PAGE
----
What are digital cognitive biomarkers and why are they useful?

Biomarkers are important for the detection of disease-relevant information to help recruit, stratify and monitor patients, and to evaluate the safety and efficacy of compounds. Here we’ll discuss what digital biomarkers are and how they offer an opportunity to revolutionize research and drug development in psychiatric and neurological disorders. 

What is a biomarker?

A biomarker is a measurement taken from an individual that relates in some way to the incidence or development of disease. These measurements must be objective, reproducible and quantifiable, with sensitivity to natural disease progression and the effects of interventions. They are often used in drug development as clinical endpoints to determine the safety profile or benefit of new drugs 1.

Biomarkers are not new to the medical field, they have long been used to track the manifestation of diseases and determine when a treatment regimen can be deemed a success. However, the heritage of biomarkers largely revolves around physiological measures of health, such as blood glucose levels or amyloid beta positivity. More recently, digital cognitive biomarkers have gained traction as objective and valuable means of studying complex psychiatric disorders 2.

What are digital cognitive biomarkers?

Similar to physiological biomarkers, cognitive biomarkers are objective measurements that can be used to track the progression of a disease or the outcome of a treatment 3. The defining difference is that cognitive biomarkers use non-invasive behavioral performance on objective cognitive tasks as an indicator or predictor of disease status.

The digital age is recognizing the value of combining multiple complex data sources into a phenotypic signature which is used to monitor health on an individual and population-based level. These phenotypic signatures rely on multiple, interacting data sources to evaluate the risk status for the manifestation, progression, or relapse of a disease 4. This is in contrast to the historical method of using a single independent biomarker for risk identification.

How can digital cognitive biomarkers enhance clinical trials?

Within pharmaceutical trials, cognitive biomarkers have traditionally been used to determine the safety and efficacy of novel compounds. This application continues to grow and develop, with many trials now including high-frequency, daily assessments of cognition to evaluate real-world data from patients rather than infrequent in-clinic tests every 3-6 months.

More recently, the industry has recognized the added utility of digital cognitive biomarkers to help enrich patient recruitment and identify relevant candidates using remote, non-invasive methodologies which can be deployed at scale with demonstrable cost-effectiveness.

In addition, digital cognitive biomarkers hold promise for better patient stratification within trial populations for more informed sub-group analyses to better understand the characteristics of drug responders versus non-responders. For example, stratifying participants by cognitive ability provides visibility into whether those who respond have a specific cognitive signature. This can lead to a more specific drug approval for a targeted sub-population, rather than a generalized late-stage drug failure.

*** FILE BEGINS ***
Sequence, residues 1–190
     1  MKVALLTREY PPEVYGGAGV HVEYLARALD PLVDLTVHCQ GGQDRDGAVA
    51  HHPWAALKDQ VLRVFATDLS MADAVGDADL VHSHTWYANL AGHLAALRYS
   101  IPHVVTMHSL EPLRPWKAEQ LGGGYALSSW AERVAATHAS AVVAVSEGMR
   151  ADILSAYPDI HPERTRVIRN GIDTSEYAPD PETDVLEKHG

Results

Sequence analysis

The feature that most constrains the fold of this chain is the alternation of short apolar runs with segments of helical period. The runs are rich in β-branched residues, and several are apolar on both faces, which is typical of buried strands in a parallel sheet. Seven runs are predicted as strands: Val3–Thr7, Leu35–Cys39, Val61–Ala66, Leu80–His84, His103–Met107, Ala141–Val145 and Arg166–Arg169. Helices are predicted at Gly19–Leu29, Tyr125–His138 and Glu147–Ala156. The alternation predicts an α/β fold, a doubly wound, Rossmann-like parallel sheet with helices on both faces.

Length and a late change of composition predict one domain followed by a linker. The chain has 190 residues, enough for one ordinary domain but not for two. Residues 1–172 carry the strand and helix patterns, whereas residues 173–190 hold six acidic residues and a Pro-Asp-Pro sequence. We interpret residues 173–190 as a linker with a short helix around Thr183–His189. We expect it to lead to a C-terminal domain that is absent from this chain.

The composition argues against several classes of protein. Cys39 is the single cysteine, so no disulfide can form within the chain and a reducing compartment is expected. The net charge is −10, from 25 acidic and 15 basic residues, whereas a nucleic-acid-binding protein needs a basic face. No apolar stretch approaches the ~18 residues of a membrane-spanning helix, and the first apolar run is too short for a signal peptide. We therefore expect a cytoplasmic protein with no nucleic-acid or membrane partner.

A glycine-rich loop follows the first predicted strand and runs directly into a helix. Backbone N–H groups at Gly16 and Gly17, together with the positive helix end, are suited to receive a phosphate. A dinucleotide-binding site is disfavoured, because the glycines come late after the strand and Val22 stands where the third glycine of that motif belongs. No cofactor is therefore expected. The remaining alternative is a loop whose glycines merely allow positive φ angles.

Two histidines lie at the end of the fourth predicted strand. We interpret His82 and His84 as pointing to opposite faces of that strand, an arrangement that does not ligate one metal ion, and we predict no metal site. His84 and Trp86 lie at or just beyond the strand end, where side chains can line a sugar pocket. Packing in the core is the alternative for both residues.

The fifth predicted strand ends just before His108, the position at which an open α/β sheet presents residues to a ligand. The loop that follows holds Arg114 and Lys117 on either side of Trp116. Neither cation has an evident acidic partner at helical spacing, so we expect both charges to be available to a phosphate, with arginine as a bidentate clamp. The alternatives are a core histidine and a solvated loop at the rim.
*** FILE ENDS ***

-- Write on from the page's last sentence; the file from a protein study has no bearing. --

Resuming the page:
Digital cognitive biomarkers will revolutionize clinical trials in psychiatry

Biomarkers enable us to objectively study the incidence and progression of diseases, as well as recruit specific patient populations and stratify sub-groups. Until recently most biomarkers were invasive and overly reliant on biological processes. The intersection between healthcare and technology has made viable the creation and adoption of digital biomarkers: the collection of non-invasive behavioural data from multiple sources to create a phenotypic signature.

The complexity and heterogeneity of psychiatric and neurological conditions represents a significant opportunity to study the relationships between these data sources as novel, complex endpoints for clinical trial research.

  1. FDA-NIH Biomarker Working Group. BEST (Biomarkers, EndpointS, and Other Tools) Resource. Food and Drug Administration (US); 2016. http://www.ncbi.nlm.nih.gov/pubmed/27010052. Accessed July 11, 2018.
  2. Roberts S, Garralda E, Renfrew D. Schizotypal Disorder among Child and Adolescent Mental Health Services Users. J Am Acad Child Adolesc Psychiatry. 2001;40(12):1366. doi:10.1097/00004583-200112000-00005.
  3. Torous J, Keshavan M. A new window into psychosis: The rise digital phenotyping, smartphone assessment, and mobile monitoring. Schizophr Res. 2018;197:67-68. doi:10.1016/j.schres.2018.01.005.
  4. Barnett I, Torous J, Staples P, Sandoval L, Keshavan M, Onnela J-P. Relapse prediction in schizophrenia through digital phenotyping: a pilot study. Neuropsychopharmacology. 2018;43(8):1660-1666. doi:10.1038/s41386-018-0030-z.
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